Don’t misunderstand me. I am not saying that the hunters are any worse as a moral matter from those of us who go to the store and buy dead animals in plastic packages. Not at all. For this very reason, I have been a vegan for almost 40 years. I do not think you can justify killing another sentient being, particularly when your only justification is that you like the taste of their bodies. There is certainly no need to eat animal products. In fact, a growing number of mainstream health professionals are saying that eating plants is a much healthier thing to do. In any event, it’s certainly not necessary to eat animal products for optimal health so I cannot justify the killing — whether by hunters or commercial food companies.

And we should also be clear that the myth that hunting is necessary in order to do “humane” population control is just that — a myth. Apart from the fact that many state game commissions have policies that maximize numbers of “game” animals, the population will stabilize depending on the food supply available.

One of the does who spends a lot of time in our woods had twins. Her twins are exuberant little characters who spend hours playing while mom watches on. Three weeks ago, one of the twins got stuck in a neighbor’s fence and was crying loudly. The neighbor was away and we rushed over to get her out. She ran off and rejoined her mom and sister. Later, all three were grazing peacefully in our back garden.

And soon, it will start again. From now until the end of January, with time off between Thanksgiving and Christmas, the hunters will be in the woods. The deer will be terrified throughout this period and will stay hunkered down for the most part except when they try to find food or get water by the little creek — where the hunters put their tree stands. When you do see them, they behave nothing like how they did before the woods became a place of slaughter. They are skittish and scared. More of them will be hit by cars as they run into the roads in order to get away from human predators.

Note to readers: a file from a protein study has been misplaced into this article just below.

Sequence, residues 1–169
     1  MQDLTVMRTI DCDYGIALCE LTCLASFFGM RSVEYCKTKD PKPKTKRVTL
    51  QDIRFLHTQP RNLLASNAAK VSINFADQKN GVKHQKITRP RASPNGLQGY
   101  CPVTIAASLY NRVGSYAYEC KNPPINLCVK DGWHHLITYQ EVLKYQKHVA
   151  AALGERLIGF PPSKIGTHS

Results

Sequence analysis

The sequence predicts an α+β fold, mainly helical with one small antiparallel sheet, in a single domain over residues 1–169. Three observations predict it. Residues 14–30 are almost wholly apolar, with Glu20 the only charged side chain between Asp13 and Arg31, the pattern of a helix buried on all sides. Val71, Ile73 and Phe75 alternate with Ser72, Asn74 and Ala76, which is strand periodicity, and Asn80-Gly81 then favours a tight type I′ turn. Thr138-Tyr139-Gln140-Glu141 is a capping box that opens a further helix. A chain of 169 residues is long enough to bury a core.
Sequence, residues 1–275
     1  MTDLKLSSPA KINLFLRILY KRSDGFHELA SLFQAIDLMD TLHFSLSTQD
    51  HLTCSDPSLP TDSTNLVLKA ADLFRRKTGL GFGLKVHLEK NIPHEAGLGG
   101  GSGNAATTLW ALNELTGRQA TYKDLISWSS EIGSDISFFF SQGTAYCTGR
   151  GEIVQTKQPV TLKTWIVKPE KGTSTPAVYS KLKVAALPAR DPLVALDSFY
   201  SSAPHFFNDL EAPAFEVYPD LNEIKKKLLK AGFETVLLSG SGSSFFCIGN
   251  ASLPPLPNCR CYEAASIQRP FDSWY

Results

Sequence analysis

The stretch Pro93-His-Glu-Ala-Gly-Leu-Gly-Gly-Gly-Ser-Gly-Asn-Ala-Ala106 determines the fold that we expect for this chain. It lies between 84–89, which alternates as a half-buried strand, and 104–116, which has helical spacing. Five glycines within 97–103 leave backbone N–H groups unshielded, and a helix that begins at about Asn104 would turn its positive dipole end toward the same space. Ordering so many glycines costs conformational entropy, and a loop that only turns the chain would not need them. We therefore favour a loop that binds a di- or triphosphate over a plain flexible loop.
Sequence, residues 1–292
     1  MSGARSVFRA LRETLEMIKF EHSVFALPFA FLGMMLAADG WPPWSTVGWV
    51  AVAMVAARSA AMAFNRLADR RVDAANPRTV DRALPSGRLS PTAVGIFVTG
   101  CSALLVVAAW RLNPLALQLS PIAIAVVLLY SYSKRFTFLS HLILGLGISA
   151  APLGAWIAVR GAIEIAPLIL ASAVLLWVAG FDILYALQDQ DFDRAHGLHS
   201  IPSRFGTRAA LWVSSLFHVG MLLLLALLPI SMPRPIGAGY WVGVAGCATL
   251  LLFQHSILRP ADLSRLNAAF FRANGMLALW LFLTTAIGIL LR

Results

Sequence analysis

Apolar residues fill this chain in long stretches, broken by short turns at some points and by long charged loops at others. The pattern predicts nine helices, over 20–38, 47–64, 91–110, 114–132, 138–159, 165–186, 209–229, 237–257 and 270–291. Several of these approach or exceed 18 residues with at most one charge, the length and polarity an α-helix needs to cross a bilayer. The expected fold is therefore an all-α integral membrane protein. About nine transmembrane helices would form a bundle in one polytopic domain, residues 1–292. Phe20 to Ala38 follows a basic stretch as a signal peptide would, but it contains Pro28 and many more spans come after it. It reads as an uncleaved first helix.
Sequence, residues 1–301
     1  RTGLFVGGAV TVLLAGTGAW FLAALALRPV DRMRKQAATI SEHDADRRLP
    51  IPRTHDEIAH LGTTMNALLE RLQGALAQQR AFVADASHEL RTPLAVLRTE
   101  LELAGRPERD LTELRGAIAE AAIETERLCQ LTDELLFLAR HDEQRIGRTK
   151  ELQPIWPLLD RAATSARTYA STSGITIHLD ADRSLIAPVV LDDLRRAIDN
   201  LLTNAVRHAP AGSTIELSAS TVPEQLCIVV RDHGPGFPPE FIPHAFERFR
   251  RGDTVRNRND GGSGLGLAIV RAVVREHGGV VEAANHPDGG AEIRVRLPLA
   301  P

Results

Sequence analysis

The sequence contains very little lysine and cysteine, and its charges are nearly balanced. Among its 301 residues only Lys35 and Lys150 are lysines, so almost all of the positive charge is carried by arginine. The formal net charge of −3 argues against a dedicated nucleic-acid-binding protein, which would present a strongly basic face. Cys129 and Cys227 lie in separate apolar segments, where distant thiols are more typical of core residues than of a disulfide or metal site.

The twins will probably lose their mom and we’ll never again see them play with the joy that they exhibited this summer. There are other deer who live on our property and many of them will be killed as well. There will be more fawns in the spring and we will love seeing them play and we will welcome their visits with their moms. But, when Labor Day comes around next year, I will feel that dread that I have now learned to feel whenever I think about the autumn.

And I know full well that, when I lived in New York, I was surrounded by many dead animals. Our loft was not all that far from the meat markets on Little West 12th Street. And, although I never ate any of those animals either, I did not know any of them personally. I know these animals. They are neighbors.

I saw the twins this morning. They were standing about 20 feet away when I opened the garage door. They were scampering back and forth across the lawn. The hardly paid attention to me; they looked at me and then went back to playing. As I watched them, I thought that all of this is going to end very shortly, and they won’t be playing any more. They will be hiding in terror.

Sometimes, I find myself having fond memories of hot subway cars in August.

Gary L. Francione is Board of Governors Distinguished Professor of Law at Rutgers University and Visiting Professor of Philosophy at the University of Lincoln.